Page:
Tuesday, June 2, 2015

On Invisibility And Preferring Not To Speak

The first thing people tended to notice about Phillips was that they hadn't noticed him earlier. He was so recessive that he could be in a room for a long time before anyone realized that he was there... He had a tidy, pleasant, boyish face that tended to blend with the scenery. This probably contributed to his invisibility, but what really did it was his silence. Phillips was an amiable man and was, judging by his letters, highly articulate, but he preferred not to speak. You could park him in a crowd of chattering partygoers and he'd emerge at evening's end having never said a word. People had long conversations with him, only to realize later that he hadn't spoken.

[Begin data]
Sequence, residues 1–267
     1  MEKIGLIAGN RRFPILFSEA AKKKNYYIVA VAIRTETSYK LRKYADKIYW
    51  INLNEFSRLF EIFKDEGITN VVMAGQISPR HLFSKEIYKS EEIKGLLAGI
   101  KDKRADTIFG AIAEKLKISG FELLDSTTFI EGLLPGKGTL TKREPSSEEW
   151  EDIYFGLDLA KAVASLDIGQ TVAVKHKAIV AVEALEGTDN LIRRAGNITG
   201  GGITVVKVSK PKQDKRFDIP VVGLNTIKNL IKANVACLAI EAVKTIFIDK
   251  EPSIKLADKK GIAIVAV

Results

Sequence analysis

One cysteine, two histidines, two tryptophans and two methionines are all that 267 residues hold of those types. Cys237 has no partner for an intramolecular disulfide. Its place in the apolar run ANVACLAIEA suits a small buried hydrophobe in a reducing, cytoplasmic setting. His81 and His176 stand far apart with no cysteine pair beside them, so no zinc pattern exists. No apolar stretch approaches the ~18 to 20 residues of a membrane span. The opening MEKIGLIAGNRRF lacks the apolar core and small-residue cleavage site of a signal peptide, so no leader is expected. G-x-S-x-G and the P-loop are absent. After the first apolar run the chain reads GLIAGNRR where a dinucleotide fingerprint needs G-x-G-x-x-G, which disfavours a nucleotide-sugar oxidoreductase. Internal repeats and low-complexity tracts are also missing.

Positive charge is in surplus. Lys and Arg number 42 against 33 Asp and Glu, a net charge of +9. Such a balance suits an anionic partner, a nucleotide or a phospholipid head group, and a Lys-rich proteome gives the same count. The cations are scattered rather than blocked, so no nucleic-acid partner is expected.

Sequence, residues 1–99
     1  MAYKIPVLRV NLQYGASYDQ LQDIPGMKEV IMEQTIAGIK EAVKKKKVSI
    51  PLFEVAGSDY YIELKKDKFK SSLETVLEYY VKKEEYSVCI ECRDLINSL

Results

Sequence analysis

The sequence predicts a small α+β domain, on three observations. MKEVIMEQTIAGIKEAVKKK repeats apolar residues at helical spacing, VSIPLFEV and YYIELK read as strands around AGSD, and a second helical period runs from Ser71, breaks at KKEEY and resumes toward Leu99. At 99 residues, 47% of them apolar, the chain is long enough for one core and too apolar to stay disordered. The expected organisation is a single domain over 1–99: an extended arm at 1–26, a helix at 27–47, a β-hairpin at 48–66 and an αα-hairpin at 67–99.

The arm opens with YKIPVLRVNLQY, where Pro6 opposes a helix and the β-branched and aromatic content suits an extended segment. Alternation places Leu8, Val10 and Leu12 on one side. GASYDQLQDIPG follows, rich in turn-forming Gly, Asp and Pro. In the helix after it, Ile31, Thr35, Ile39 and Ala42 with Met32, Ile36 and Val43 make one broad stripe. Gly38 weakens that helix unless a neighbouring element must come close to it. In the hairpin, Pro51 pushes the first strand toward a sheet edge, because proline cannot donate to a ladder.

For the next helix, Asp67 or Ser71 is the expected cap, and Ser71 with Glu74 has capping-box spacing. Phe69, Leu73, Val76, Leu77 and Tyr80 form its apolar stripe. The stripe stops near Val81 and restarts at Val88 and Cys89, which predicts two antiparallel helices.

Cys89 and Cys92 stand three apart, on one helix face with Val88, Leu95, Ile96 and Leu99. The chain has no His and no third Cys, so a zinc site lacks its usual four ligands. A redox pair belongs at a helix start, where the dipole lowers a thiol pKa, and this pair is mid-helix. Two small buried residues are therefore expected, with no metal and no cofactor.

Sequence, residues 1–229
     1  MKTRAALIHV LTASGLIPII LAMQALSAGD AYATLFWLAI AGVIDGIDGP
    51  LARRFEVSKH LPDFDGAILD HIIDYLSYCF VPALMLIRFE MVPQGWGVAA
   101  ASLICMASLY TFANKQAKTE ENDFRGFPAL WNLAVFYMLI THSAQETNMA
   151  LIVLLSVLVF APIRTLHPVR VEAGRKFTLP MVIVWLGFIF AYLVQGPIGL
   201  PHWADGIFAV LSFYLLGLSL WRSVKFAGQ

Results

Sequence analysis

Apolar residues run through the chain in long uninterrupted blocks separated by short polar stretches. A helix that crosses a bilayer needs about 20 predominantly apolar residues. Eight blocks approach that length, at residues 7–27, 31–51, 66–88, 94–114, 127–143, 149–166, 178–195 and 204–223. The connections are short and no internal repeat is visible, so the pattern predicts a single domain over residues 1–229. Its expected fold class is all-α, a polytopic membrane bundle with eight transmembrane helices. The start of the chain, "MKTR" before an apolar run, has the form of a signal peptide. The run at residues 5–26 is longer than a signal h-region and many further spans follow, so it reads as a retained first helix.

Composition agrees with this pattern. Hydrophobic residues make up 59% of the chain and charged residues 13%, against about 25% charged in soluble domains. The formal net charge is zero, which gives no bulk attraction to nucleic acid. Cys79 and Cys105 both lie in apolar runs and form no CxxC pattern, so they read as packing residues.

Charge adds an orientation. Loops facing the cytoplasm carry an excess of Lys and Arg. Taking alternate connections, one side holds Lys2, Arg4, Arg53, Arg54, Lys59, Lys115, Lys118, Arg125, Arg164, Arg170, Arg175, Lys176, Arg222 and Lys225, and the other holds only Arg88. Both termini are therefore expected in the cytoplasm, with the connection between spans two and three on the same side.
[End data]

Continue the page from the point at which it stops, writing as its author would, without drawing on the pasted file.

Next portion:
Excerpt from Unbroken: A World War II Story of Survival, Resilience, and Redemption
by Laura Hillenbrand



Traci Maurio said...

I love this passage!

Zeri Kyd said...

As do I, Traci. :-) I can see myself in that passage.

Mediocris Vita said...

When he does speak it is with such sharp edges and with a bitterness of truth that he only leaves behind a chasim of sadness. Looking at your following, and posts, you have plenty in common with others ":-)"

Zeri Kyd said...

Mediocris, perhaps. The following you refer to is quite small, however. :-)